Mitsubishi Electric developed an amplifier made of gallium nitride semiconductor for mobile phone base stations of the 2.14 GHz band. The new amplifier has a structure that gallium nitride is formed on the silicon substrate, and the production cost is about one thirtieth of that of the convention chip. It has an output of 170 W with currently world’s highest power conversion efficiency of 70%. If it is put into practical use, a unit complete with this amplifier and a power circuit will be 30% smaller than the existing unit. The company wishes to upgrade the new amplifier to make it effective for the 2.5 GHz band in 2013.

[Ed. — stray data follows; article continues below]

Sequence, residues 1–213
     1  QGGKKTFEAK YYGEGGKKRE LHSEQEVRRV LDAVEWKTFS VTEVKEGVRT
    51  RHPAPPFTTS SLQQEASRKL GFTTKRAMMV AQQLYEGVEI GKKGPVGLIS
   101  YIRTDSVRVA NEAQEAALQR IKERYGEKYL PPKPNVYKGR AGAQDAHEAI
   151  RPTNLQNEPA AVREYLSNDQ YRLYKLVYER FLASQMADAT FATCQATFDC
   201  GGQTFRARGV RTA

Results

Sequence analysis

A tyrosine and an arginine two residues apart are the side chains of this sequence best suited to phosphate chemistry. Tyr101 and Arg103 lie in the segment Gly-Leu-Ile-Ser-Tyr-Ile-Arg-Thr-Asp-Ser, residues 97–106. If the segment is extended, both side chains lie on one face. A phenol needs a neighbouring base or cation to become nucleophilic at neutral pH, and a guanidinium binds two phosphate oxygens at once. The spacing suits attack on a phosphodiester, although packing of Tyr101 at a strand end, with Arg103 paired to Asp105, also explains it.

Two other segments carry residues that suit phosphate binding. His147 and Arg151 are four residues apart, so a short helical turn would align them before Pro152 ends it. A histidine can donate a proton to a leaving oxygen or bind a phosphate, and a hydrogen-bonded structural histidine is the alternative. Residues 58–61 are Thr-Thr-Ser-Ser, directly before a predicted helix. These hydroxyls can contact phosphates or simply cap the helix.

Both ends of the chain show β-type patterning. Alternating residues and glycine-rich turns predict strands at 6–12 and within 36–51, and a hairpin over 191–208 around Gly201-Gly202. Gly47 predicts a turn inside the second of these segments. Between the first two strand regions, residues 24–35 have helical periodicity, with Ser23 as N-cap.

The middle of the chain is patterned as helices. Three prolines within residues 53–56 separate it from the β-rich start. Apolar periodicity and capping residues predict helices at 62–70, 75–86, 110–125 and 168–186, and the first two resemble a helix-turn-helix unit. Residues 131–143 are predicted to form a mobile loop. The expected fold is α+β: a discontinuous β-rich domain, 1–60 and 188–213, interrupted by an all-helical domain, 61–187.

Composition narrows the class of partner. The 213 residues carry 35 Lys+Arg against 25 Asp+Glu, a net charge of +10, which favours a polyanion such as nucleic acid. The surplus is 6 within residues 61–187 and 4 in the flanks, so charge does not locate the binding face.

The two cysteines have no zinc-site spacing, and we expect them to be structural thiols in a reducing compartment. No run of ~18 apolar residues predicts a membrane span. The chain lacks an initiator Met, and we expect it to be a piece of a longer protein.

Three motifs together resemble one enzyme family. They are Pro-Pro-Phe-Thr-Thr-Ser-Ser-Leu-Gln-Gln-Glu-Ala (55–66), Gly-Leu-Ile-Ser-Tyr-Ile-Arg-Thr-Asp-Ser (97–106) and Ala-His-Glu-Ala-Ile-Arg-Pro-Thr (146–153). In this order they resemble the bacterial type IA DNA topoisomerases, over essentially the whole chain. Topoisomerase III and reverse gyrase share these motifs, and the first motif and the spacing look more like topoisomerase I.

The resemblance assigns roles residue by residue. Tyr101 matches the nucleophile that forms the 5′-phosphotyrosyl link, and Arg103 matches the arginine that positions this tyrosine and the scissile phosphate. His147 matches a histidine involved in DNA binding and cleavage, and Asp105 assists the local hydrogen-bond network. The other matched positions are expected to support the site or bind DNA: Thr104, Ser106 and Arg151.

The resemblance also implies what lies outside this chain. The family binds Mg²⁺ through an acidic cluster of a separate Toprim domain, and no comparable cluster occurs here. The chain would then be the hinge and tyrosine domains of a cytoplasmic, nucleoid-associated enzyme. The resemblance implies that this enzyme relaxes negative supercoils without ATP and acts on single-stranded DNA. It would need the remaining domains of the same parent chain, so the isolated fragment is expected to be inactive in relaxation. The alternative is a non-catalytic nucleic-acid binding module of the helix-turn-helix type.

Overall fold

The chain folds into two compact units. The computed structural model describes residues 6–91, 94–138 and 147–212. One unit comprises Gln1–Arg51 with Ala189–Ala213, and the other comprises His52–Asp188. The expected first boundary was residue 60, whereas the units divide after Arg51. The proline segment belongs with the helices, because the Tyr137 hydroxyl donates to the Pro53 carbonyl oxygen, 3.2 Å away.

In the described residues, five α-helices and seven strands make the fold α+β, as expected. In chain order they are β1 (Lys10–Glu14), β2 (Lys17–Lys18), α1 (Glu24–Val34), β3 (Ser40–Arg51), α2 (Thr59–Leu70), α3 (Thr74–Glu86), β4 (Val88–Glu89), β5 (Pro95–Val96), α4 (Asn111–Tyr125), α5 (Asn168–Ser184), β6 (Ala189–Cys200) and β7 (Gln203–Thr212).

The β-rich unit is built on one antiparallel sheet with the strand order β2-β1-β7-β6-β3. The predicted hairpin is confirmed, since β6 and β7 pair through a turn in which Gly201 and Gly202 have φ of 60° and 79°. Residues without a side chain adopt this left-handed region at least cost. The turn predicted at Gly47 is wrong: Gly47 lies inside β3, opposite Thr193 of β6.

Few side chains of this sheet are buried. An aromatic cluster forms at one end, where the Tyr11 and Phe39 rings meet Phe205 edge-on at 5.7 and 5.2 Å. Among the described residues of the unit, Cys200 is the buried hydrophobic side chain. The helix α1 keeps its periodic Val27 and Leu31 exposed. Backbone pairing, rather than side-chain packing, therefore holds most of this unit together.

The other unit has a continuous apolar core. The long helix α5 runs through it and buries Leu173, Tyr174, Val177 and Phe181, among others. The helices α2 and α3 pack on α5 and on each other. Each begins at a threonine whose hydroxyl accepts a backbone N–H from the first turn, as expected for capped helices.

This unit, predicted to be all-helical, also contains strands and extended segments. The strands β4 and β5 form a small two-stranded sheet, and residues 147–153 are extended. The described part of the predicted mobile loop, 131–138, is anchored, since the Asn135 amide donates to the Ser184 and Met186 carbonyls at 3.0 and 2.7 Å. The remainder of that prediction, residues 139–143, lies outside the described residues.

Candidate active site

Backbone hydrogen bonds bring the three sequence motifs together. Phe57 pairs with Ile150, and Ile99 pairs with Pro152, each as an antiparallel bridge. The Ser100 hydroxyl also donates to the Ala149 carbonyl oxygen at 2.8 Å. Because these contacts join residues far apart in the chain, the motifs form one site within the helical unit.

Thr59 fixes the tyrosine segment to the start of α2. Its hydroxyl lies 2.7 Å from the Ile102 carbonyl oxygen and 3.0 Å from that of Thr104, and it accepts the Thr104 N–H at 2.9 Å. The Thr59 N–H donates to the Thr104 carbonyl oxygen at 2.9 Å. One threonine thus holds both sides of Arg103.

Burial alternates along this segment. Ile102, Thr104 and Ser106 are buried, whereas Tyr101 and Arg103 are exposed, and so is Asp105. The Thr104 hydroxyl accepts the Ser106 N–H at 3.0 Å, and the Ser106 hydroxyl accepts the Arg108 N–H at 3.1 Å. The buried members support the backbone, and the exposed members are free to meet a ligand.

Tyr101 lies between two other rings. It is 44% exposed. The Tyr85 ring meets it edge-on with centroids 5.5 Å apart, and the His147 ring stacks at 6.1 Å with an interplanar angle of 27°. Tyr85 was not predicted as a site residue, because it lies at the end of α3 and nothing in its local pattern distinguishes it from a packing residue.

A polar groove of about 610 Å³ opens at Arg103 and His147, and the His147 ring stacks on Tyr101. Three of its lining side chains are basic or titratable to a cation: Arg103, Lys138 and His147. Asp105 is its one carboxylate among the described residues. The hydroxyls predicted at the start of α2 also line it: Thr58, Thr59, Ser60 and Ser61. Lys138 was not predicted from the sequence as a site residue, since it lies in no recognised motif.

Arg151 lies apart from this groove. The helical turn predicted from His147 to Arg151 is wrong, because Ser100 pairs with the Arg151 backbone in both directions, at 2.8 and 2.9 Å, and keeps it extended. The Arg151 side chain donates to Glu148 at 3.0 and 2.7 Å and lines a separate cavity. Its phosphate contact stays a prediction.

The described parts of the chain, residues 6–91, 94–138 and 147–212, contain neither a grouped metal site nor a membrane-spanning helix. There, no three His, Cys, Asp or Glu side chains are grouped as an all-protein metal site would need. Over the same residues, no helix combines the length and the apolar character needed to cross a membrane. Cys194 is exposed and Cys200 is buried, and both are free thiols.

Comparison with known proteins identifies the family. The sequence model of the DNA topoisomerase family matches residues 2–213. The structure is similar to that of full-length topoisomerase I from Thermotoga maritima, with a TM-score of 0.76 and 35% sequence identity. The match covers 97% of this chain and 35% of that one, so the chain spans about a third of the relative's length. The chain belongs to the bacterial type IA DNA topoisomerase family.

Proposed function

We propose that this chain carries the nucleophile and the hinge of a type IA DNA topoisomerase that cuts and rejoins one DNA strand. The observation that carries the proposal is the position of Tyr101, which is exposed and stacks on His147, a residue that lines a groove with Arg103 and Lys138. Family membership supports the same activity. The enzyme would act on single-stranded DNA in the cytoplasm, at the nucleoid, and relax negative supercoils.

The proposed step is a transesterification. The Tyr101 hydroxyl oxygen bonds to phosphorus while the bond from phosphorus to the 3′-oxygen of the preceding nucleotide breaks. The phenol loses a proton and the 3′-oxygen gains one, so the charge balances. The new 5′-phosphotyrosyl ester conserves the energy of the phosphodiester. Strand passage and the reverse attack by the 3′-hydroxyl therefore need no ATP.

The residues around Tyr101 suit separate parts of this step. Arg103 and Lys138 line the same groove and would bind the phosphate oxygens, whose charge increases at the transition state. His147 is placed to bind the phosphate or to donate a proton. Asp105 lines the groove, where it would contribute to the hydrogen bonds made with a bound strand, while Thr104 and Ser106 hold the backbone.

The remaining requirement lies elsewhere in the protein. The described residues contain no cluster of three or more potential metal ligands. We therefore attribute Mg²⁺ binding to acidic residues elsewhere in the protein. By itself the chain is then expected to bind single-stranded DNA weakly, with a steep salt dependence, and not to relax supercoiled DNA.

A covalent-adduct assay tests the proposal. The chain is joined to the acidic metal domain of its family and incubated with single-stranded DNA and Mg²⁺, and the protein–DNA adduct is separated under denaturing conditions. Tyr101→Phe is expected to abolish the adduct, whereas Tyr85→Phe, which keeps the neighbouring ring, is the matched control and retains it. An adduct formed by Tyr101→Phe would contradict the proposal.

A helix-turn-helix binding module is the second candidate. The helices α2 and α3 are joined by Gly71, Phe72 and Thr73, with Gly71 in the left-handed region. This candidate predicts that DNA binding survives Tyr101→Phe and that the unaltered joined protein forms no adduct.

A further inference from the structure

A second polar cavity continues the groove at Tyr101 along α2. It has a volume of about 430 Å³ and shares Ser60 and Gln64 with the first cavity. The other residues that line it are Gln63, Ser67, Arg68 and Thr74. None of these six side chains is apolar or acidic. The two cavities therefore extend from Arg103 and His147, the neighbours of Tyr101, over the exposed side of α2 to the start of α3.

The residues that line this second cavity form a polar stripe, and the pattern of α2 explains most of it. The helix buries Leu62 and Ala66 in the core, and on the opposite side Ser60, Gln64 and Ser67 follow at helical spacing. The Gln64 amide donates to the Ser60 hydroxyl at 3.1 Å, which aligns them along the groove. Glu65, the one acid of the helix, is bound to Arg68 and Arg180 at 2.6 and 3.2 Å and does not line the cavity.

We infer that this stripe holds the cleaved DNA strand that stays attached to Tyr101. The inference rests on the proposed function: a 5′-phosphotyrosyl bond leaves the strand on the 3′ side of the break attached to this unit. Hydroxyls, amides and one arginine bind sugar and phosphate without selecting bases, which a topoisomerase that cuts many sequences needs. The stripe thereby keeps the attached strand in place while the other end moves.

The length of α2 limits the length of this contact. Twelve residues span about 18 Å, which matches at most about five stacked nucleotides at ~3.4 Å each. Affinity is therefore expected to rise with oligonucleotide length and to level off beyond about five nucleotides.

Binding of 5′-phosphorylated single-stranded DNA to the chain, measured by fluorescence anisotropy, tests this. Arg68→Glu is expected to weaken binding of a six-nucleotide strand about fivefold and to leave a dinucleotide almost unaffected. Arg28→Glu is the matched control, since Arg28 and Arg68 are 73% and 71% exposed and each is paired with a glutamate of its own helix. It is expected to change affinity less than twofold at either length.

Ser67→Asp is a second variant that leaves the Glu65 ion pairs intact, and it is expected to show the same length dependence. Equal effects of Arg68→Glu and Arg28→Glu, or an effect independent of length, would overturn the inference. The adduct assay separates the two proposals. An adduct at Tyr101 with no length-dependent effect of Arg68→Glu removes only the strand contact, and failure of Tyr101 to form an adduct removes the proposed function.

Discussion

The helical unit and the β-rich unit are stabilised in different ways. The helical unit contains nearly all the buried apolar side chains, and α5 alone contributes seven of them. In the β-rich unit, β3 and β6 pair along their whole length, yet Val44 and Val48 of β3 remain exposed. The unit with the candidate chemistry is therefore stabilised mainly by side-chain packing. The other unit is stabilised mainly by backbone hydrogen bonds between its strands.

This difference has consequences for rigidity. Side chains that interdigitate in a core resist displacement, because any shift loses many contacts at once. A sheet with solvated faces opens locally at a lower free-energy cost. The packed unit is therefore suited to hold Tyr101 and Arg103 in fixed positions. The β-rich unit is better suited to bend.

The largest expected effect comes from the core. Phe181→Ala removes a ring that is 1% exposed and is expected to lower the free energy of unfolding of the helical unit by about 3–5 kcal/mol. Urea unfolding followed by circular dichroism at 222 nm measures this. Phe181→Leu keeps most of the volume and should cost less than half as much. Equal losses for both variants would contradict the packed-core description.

The new semiconductor sandwiches a buffer of a micrometer size between the silicon substrate and the gallium nitride layer. Because silicon and gallium nitride have different crystal structures, distortion is generated from the gallium nitride layer. The company decreased the distortion that affects the performance of a transistor and improved the performance by devising the higher harmonic wave processing circuit. Two kinds of amplifiers exist. One is made of silicon alone, and the other is made of either a silicon substrate or a silicon carbide substrate with gallium nitride on it. An amplifier made entirely of silicone has an output of 150 W with power conversion efficiency of 58%, while an amplifier made of silicon substrate or a silicon carbide substrate with gallium nitride on it has an output of 200 W with power conversion efficiency of 68%. Because the latter is much higher in performance than the former, a technology to produce the latter at a lower cost has been desired.